Mediator denies report Bayer will pay $8B to settle Roundup weed-killer lawsuits linked to cancer claims
Company in Germany has been plagued by lawsuits related to weed killer it now owns after Monsanto takeover
Bayer AG has not offered to pay billions of dollars to settle claims in the United States related to allegations the herbicide Roundup causes cancer, mediator Ken Feinberg said, after a report of such a settlement had driven up shares by as much as 11 per cent.
"Bayer has not proposed paying $8 billion to settle all the U.S. Roundup cancer claims. Such a statement is pure fiction," Feinberg said in an email on Friday. "Compensation has not even been discussed in the global mediation discussions."
The shares, which had shed some gains before Feinberg's statement, declined further and were trading only two per cent above Thursday's close when North American stock markets opened.
Bayer, which acquired Roundup and other glyphosate-based weed killers as part of its $63-billion takeover of Monsanto last year, declined to comment on the initial Bloomberg news report and Feinberg's response.
Bayer CEO Werner Baumann last week said the company would consider settling with U.S. plaintiffs only on reasonable terms, and if it "achieves finality of the overall litigation."
He added at the time the group was "constructively engaging" in a court-ordered process with mediator Feinberg on the cases heard in Federal Court. Most of the pending cases, however, have been filed with U.S. state courts.
Bayer shares have lost more than a third — or roughly $34 billion US — of their value since last August, when a California jury, in the first such lawsuit, found Monsanto should have warned of the alleged cancer risks from Roundup.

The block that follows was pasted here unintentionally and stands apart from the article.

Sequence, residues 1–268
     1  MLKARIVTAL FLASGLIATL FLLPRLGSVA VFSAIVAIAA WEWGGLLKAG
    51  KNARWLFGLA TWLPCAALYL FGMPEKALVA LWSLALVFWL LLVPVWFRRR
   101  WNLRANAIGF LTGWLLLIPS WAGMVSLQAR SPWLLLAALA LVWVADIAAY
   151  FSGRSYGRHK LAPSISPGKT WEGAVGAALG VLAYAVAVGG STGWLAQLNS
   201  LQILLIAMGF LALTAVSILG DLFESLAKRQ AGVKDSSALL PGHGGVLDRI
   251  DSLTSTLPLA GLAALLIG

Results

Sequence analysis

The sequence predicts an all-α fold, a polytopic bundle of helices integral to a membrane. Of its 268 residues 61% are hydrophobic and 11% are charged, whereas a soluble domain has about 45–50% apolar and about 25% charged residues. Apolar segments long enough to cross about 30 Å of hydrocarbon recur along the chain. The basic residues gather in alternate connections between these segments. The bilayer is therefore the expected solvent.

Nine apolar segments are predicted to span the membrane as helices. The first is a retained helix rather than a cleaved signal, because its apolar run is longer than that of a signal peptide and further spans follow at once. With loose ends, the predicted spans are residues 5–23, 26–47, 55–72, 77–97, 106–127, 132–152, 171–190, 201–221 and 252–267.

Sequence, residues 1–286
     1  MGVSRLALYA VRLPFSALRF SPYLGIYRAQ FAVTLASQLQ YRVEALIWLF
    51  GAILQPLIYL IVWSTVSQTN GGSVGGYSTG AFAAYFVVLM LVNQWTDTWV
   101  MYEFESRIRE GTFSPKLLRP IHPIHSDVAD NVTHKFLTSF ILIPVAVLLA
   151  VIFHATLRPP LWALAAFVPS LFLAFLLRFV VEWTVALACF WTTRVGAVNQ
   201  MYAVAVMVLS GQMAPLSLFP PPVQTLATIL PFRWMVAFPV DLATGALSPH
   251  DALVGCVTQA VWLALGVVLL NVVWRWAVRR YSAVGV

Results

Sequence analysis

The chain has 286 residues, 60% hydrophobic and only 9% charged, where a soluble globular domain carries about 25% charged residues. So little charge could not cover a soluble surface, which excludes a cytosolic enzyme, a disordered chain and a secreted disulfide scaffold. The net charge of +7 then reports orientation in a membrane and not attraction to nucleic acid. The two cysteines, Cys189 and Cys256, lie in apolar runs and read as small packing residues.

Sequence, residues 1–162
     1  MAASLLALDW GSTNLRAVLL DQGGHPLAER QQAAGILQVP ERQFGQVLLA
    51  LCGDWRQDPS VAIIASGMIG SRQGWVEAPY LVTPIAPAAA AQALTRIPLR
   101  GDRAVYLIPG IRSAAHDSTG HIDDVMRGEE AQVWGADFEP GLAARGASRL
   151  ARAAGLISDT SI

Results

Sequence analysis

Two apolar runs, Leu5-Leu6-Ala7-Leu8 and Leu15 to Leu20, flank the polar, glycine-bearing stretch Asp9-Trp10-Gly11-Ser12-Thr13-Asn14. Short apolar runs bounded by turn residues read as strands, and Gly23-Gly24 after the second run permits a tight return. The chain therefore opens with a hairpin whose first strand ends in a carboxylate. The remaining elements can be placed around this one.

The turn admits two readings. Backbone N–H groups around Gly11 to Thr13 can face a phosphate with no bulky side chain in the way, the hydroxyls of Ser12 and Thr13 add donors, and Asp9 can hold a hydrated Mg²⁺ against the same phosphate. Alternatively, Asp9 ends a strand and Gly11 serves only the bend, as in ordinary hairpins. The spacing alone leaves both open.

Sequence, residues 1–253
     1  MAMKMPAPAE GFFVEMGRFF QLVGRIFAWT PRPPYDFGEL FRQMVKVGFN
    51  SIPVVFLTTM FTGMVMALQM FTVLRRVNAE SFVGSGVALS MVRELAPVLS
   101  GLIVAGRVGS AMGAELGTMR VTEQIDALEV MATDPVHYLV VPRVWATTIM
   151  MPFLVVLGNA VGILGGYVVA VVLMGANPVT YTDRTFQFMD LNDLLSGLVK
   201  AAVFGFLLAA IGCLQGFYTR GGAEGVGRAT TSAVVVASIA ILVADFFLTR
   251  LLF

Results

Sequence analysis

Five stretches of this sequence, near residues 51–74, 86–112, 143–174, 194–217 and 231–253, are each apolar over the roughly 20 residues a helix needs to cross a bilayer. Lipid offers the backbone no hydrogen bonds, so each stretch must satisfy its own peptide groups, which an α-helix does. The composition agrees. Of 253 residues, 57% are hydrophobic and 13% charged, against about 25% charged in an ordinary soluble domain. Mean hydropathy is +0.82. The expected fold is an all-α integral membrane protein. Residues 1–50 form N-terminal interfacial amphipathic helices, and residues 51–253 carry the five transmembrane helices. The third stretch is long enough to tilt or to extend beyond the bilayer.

The German drugs and pesticides company has engaged in negotiations with plaintiffs' lawyers, a person familiar with the matter told Reuters.
Bayer said this week the next U.S. glyphosate lawsuit scheduled to be heard in St. Louis, Mo., would likely be postponed, and the company added on Friday that the St. Louis case slated for September had been postponed.
The German company may benefit from having cases heard in the city where Monsanto was headquartered and where Bayer now manages its global seeds business — but Missouri is also known for juries that often hit companies with huge damages.
Bloomberg said the delays had been pursued by Bayer to allow for undisturbed settlement talks.
More than 18,000 plaintiffs
The initial unfavourable court rulings in the first three glyphosate cases, heard in California, have at times dragged Bayer's market value below what it paid for Monsanto, although the shares are now trading above that level.
The company, which says regulators and extensive research have found glyphosate to be safe, has previously said it was banking on U.S. appeals courts to reverse or tone down three initial court rulings that have so far awarded tens of millions of dollars to each plaintiff.
Bloomberg cited three sources familiar with the discussions as saying that Bayer's lawyers are seeking an accord to resolve all current and future cases. Talks over cases that have yet to be filed were particularly tricky, the report added.
While Bayer has indicated it could pay $6 billion to $8 billion, plaintiffs' lawyers want more than $10 billion to drop their claims, the report said.
"Progress on settlement is a clear positive to potentially remove what has been the key overhang in shares for a year," Bank of America analysts said in note.
An estimate of a $20-billion hit from the litigation has previously been reflected in the share price, while a likely litigation settlement liability was in the mid-single-digit billion-dollar range, they added.
But they kept a neutral rating on the stock, citing uncertainty over Bayer's fortunes in the appeals process — with the first appeals verdict expected by the end of the year — and whether a settlement could be achieved before that.
The number of U.S. plaintiffs blaming Roundup and other glyphosate-based weed killers for their cancer continued to rise by 5,000 to 18,400, Bayer said last week, as a litigation wave showed no sign of letting up.